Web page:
For the average American watching CNN, the conflict in the Middle East is a complicated affair, mired in an ancient past and an uncertain future. It also seems like a distant story, one that only remotely touches upon the temples and churches beyond the Middle East. Not so, explains Gershom Gorenberg, a senior editor at the Jerusalem Report
. In fact, the threat of apocalyptic religious violence is happening now, and it's happening everywhere. It is fuelled in part, he says, by Christian leaders in America's fundamentalist churches.
To help readers make sense of it all, Gorenberg centres his fascinating discussion around the Temple Mount, the world's most desired piece of religious real estate. It is where King David erected an altar, where Solomon and Herod built their temples, and where the Dome of Rock now stands. (Cain even murdered Abel, according to ancient legend, over who would own this place.) The Christian far right now stakes a future claim to the Temple Mount, where they predict (or at least hope) the "Third Temple" will be built shortly. Gorenberg offers the impressive research of a seasoned investigative journalist, yet he possesses the narrative skills of a novelist. The result is an enthralling and informative read. --Gail Hudson
The new millennium dawned quietly, defying modern-day prophets of apocalypse. Yet for countless believers around the globe - Christians, Jews and Muslims -- anticipation that the world is about to end burns more intensely than ever. God's kingdom is near, they believe, and the key to salvation is Jerusalem's Temple Mount, -- the most sacred and contested real estate on earth. In The End of Days,
leading Israeli journalist Gershom Gorenberg portrays how such faith has fueled the real-world struggle in the Middle East and reveals why, even in times of peacemaking, it continues to be a powerful catalyst for conflict.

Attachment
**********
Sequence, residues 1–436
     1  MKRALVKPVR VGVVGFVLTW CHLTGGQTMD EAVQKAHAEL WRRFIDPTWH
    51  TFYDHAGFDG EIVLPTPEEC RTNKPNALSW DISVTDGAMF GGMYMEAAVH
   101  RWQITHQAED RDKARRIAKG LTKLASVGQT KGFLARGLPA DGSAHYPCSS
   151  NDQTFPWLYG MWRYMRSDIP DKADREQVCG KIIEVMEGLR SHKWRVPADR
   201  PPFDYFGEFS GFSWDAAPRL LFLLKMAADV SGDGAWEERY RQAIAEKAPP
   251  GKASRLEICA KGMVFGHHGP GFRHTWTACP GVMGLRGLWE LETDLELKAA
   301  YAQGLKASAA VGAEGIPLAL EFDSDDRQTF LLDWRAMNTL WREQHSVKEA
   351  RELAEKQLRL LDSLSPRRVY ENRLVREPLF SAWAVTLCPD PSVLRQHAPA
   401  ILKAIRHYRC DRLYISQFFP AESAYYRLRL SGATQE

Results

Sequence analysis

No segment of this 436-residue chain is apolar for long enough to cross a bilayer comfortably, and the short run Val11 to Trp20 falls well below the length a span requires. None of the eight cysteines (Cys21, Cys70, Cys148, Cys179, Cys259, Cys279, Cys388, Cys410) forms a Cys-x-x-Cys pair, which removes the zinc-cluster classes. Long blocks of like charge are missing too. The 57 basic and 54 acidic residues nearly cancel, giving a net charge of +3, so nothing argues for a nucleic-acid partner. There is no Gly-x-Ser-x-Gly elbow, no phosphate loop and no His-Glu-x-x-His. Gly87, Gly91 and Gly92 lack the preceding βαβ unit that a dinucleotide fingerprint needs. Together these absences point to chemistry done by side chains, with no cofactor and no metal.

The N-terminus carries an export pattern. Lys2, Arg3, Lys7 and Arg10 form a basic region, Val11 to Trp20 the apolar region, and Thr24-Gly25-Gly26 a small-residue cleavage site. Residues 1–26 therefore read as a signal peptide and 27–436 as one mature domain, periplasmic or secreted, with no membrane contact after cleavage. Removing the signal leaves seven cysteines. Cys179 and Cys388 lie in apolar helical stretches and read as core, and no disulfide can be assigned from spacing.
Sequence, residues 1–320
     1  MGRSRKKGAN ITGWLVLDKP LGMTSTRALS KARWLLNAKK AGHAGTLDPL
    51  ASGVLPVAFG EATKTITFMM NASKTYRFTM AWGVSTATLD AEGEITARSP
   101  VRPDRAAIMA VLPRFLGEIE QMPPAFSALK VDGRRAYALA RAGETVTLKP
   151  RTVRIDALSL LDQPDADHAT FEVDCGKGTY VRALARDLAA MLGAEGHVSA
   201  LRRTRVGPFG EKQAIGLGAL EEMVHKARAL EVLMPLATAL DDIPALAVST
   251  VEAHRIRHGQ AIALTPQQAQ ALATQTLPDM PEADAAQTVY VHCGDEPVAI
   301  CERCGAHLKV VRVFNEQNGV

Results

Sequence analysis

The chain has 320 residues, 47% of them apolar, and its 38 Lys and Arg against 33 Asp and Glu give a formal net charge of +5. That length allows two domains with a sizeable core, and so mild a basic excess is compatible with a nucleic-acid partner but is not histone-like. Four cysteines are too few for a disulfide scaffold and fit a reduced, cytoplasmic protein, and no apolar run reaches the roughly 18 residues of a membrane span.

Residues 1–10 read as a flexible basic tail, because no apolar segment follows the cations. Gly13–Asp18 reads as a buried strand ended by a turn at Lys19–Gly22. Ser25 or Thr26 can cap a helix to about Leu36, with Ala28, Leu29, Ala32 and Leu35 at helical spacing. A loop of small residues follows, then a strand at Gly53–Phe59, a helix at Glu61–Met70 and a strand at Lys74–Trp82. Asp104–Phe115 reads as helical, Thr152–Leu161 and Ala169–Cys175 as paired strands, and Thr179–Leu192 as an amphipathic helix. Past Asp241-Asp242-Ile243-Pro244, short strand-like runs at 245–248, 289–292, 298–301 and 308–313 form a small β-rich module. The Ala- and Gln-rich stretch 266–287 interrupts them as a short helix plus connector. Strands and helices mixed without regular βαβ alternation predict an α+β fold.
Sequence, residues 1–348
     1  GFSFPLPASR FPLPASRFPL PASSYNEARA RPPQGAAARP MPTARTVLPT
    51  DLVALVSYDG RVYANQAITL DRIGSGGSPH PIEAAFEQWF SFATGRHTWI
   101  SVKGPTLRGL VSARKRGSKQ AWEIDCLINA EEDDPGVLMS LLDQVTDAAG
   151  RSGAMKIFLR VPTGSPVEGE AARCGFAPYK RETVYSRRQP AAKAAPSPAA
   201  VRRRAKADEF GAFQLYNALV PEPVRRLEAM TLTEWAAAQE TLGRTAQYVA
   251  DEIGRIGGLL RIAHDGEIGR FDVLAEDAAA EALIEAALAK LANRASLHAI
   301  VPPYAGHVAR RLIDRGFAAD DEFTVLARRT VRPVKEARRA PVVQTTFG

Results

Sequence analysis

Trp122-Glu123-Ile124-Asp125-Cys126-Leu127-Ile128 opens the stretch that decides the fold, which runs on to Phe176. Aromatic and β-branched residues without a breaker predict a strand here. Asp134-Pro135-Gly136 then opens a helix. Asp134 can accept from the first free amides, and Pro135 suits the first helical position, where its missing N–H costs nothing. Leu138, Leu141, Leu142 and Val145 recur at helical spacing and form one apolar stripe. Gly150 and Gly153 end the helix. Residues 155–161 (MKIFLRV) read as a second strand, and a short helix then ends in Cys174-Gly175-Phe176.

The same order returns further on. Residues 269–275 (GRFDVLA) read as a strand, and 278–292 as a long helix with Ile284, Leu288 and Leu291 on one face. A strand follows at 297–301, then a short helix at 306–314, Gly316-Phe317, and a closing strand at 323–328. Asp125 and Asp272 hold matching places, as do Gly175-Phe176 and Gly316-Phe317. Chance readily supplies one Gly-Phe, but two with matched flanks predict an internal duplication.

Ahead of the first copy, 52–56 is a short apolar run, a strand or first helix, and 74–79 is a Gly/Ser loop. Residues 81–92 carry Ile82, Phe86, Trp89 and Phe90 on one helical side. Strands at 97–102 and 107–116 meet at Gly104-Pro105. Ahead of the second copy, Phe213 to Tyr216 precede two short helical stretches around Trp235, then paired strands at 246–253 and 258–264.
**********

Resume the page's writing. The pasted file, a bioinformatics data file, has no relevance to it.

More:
Adroitly portraying former-hippies-turned-true-believers, American radio evangelists of the End, radical Palestinian sheikhs, and Israeli ex-terrorists, Gorenberg weaves a story that stretches from California churches to West Bank settlements. He explains why believers hope for the End, and why prominent American fundamentalists provide hard-line support for Israel, while looking forward to an apocalypse in which they expect Jews to die or else convert. He makes sense of the messianic fervor that has driven Israeli settlers to oppose peace, and describes the Islamic apocalyptic visions that cast Israel's actions in Jerusalem as diabolic plots. He examines, as well, what happens when secular politicians try to channel these religious passions for their own purposes.
At the center of this story is the Temple Mount, where Solomon and Herod built their Temples, where the Dome of the Rock now stands -- and where both Jewish extremists and millions of Christian fundamentalists expect the Third Temple to be built soon. Holy to both Judaism and Islam, the Mount is where nationalism and faith join in a volatile mix. Any attempt to spark the End by clearing the ground for the Temple, therefore, could ignite holy war. This book explains the Mount's dangerous fascination for fundamentalists, and shows why the risks will actually increase in the new millennium as prophesied dates pass and believers look for a way to ensure that the End comes.
Cain murdered Abel, according to an ancient legend, in an argument over who would possess the Temple Mount. That parable sums up the passions aroused by the sacred hilltop. The End of Days
shows, with clarity and poise, how conflict over Jerusalem is rooted not only in the past but even more in expectations of the future, and how the fiery belief in apocalypse has a very real impact on contemporary life and international politics.